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The metamorphosis of Genesis Owusu

Genesis Owusu appears in our Fall 2023 Issue with cover stars Scowl, Yves Tumor, Poppy, and Good Charlotte. Head to the AP Shop to grab a copy. It was a few years ago that I first heard Genesis Owusu. A friend of mine, Kayla, a musician and poet, had turned me onto the Ghanaian-Australian’s debut […]

The post The metamorphosis of Genesis Owusu appeared first on Alternative Press Magazine.



Genesis Owusu appears in our Fall 2023 Issue with cover stars Scowl, Yves Tumor, Poppy, and Good Charlotte. Head to the AP Shop to grab a copy.

It was a few years ago that I first heard Genesis Owusu. A friend of mine, Kayla, a musician and poet, had turned me onto the Ghanaian-Australian’s debut album, Smiling With No Teeth. It had come up in one of those casual, thirsty conversations where my friend and I desperately grasped for new inspiration, hoping to find a creative oasis in each other’s Spotify playlists or tote bags through literature and music grails we hadn’t yet come across ourselves. And in Owusu’s funky, disorienting, rap-inspired revelation, there was more than enough satiation. It sounded, felt, and tasted like nothing else I’d heard.

Read more: Every Paramore album ranked

And I wasn’t alone in this — pursuing the comments on the visually expressive landscape Owusu has released thus far, there’s certainly a reaction as atypical as the artist’s unique sound: Most people react to the “energy” of it all before anything else. And this year, Owusu was able to give a larger audience a taste of that tactile experience. Over the summer, he toured North America in support of Paramore. Fresh off that trip, where he not only built a larger audience but also created dynamic, intense worlds for them night after night, Owusu released a new album, titled Struggler. It offers a new iteration of Genesis Owusu, who is growing into the spotlight with tact and grace, understanding both himself and his audience better with each new chapter — while remaining as complex and cerebral in sound and form as ever.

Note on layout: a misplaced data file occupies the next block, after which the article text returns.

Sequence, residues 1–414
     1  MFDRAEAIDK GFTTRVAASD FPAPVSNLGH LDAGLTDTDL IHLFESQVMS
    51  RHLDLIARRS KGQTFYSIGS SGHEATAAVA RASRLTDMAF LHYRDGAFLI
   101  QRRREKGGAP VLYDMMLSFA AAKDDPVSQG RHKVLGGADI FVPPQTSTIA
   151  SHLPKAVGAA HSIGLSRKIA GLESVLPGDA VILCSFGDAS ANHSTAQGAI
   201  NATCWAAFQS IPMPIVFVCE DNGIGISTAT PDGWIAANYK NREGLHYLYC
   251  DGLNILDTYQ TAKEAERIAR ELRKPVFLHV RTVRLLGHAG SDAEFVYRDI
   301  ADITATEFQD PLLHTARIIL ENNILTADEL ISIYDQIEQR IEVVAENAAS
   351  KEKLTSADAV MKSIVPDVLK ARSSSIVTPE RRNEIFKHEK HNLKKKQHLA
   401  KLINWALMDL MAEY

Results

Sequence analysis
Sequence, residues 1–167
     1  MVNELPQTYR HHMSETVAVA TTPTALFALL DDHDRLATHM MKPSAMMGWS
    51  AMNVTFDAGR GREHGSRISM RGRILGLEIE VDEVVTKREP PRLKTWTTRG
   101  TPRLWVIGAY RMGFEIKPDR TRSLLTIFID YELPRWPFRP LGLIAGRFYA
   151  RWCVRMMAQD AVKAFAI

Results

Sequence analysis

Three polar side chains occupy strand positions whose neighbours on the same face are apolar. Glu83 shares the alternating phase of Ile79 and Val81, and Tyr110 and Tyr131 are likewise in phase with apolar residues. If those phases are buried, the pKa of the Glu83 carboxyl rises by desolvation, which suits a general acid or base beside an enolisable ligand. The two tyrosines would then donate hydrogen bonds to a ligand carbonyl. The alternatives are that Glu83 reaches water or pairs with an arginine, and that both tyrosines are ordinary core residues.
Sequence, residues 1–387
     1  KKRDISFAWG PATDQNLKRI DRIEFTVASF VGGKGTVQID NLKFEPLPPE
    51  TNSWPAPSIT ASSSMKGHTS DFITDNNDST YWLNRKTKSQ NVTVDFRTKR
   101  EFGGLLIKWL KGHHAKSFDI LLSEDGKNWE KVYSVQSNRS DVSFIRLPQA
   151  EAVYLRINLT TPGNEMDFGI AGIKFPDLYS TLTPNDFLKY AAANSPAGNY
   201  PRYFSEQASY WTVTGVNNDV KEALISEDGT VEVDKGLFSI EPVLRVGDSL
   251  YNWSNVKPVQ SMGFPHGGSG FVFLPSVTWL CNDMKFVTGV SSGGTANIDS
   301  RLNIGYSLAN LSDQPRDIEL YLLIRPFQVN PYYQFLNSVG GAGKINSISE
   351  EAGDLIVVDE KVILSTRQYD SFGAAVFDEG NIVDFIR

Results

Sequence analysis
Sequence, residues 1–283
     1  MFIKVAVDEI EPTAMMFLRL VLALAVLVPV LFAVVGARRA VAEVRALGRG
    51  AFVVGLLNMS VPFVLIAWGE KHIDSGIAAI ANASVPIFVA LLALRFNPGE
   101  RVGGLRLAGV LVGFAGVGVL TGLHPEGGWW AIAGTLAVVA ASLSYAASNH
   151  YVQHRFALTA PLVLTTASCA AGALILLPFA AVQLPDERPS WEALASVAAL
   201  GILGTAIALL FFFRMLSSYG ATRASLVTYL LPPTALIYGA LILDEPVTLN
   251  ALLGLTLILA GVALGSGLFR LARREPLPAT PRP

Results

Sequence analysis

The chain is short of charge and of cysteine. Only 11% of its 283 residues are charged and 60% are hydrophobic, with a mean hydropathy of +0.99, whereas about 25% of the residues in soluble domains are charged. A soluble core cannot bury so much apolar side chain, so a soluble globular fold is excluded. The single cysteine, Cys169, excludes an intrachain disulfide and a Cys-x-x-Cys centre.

You spent a good part of this summer on a major North American tour with Paramore. How was that?

It went well. It was cool doing arenas, in all the basketball players’ locker rooms, just green rooms and stuff like that, and nice little catering. Catering every show, which is nice. But we still were driving around the country in a van, which was a bit hectic. So, it had its ups and downs.

I feel like that’s the nature of tour life. I saw you guys at Madison Square Garden, and your show is really beautiful. The production is super striking.

We don’t have a lot of budget for a lot of stuff, so everything in the show we have to conceptualize into what can fit in a suitcase. So, that’s kind of been how we’ve created the show so far. So, thanks for complimenting the production. We try our best.

I wouldn’t be able to tell that it all fit in a suitcase, but I do feel like sometimes the best creative ideas come when you have constrictions.

Definitely. Me and my friends talk about that a lot. We made it this far, so it’s been good.

Speaking of constrictions, this is a question that I ask a lot of artists: Do you feel like the best art comes from pain?

I feel like art can come from anything, but I feel like the reason a lot of people reach to art is because of pain. So, I feel like a lot of art that comes from pain feels realer, but just because it seems to stick its head out more — the option of expressing yourself through art, it seems to stick its head out more when pain is prevalent. But I think great art can still come from joy, and love, and other stuff like that.

genesis owusu

Photo by Zachary Gray

Where do you feel like this new album came from for you? How do you feel like it’s a departure from where you were at with the last one?